Irish Life dealer 'did not know nature of proposed transaction with Anglo at the time' - Drumm trial hears
AN Anglo Irish Bank official said he would have to “have a chat with the rock star” while making arrangements for a multi-billion euro deal with Irish Life and Permanent during the financial crisis, a court heard.
The banker made the reference to an unnamed colleague during a taped phone conversation played to the jury in the fraud trial of Anglo’s former CEO David Drumm.
Elsewhere on the tapes, an ILP dealer involved in the trade with Anglo spoke about a “badger” who was “badgering him” by asking for “so much information.”
The recordings were played today as ILP’s then liquidity manager Paul Kane was giving evidence for the prosecution.
Mr Drumm (51) is pleading not guilty at Dublin Circuit Criminal Court to conspiring to defraud by dishonestly creating the impression that Anglo's customer deposits were larger than they were.
He is alleged to have conspired with Anglo’s former Finance Director Willie McAteer and head of Capital Markets John Bowe, as well as ILP’s then-CEO, Denis Casey, and others.
The case centres on a series of interbank deposits which circulated between Anglo and ILP in September 2008.
The transfers were routed through Irish Life Assurance (ILA), returning to Anglo where they were then treated as customer deposits, which are a better indicator of a bank’s health.
Mr Drumm also denies false accounting, by providing misleading information to the market.
Referring to Mr Kane’s statement, Paul O’Higgins SC, prosecuting, said there was a deal done effectively for ILP’s end of half year on June 30 and events moved on to the end of September as the end of Anglo’s financial year approached.
ILP Head of Treasury David Gantly told Mr Kane Anglo would be looking for deposits and people from Anglo would be in touch. Mr Kane told the jury he could not remember exactly when he had this conversation.
He did not know the full amount of the transaction, which had got bigger anyway.
He agreed September was a turbulent time and ILP was “finding it more and more difficult to get unsecured funds.”
The jury heard a September 15 phone call Mr Kane had with his Anglo counterpart Ciaran McArdle about “the year end stuff,” followed by a call between the two men and Mr Gantly in which they discussed a “back to back.”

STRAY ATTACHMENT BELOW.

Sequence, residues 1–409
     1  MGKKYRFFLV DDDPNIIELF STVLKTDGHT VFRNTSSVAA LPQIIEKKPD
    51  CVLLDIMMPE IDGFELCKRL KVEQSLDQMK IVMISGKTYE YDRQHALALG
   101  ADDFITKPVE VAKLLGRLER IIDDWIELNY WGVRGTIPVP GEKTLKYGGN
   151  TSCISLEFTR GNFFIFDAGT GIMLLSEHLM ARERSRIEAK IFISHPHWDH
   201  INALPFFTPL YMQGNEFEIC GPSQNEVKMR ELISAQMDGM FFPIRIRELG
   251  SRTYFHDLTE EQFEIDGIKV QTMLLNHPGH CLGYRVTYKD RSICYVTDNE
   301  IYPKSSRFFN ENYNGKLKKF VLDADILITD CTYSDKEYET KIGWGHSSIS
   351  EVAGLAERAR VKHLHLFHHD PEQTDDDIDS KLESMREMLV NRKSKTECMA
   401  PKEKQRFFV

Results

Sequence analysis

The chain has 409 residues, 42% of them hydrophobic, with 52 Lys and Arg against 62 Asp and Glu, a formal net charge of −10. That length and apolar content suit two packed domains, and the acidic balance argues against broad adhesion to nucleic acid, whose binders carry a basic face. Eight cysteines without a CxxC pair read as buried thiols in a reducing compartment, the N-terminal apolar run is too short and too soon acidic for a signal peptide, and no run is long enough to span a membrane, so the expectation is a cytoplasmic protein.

It was discussed whether the transaction could be done as a “repo” (or bonds repurchasing deal) but this did not go ahead. Mr Kane said this was because of the amount of collateral that would be needed.
In a later call, Mr Kane described a deal as “a bit of a rinky dink.” On September 17, he told Mr McArdle they had got the go-ahead from Denis (Casey) “to run with this back to back.”
They suggested meeting and Mr McArdle ended by saying: “Let me go and have a chat with the rock star and I’ll talk to you, OK”
Mr Kane told Mr O’Higgins at that stage they were talking about €5bn and a “back to back” meant ILP would pass that on to ILA and ILA would then deposit the €5bn with Anglo.
This was the structure that was eventually implemented, but on a bigger scale, he said.
In a call on September 24, Mr McArdle said “I don’t give a f**k how I get it back”, as long as he got it back.
“We have to be able to control the dough,” Mr Kane told him.
At that stage, Mr Kane told him, ILP “would have to lose our interbank and our corporate to go short.”
“That is what we start every morning thinking as well,” Mr McArdle said, to laughter.
“I was glad we could f**king do what we did,” Mr McArdle said.
“So was I,” Mr Kane said.
“I know I can’t do f**king six yards worth of funny stuff,” Mr McArdle said in a call on September 25, 2008.
The jury then heard a call made by Mr Kane to ILP Finance Director Peter Fitzpatrick on September 25, 2008.
He first asked Mr Fitzpatrick if he was alone.
“The badger isn’t there badgering you?” he asked, to which Mr Fitzpatrick replied: “no.”
“Badgering me,” Mr Kane said, to laughter.
“F**k sake, don’t return his calls,” Mr Fitzpatrick replied.
Mr Kane went on to say “he sent me an email, he’s looking for so much information now and it’s hard to put this into alphabetical form.”
Mr Kane said Ger (Knowles, Irish Life Investment Managers Head of Business Risk Management) was “a little bit worried about things” and Mr Fitzpatrick replied: “Ger is paid to worry.”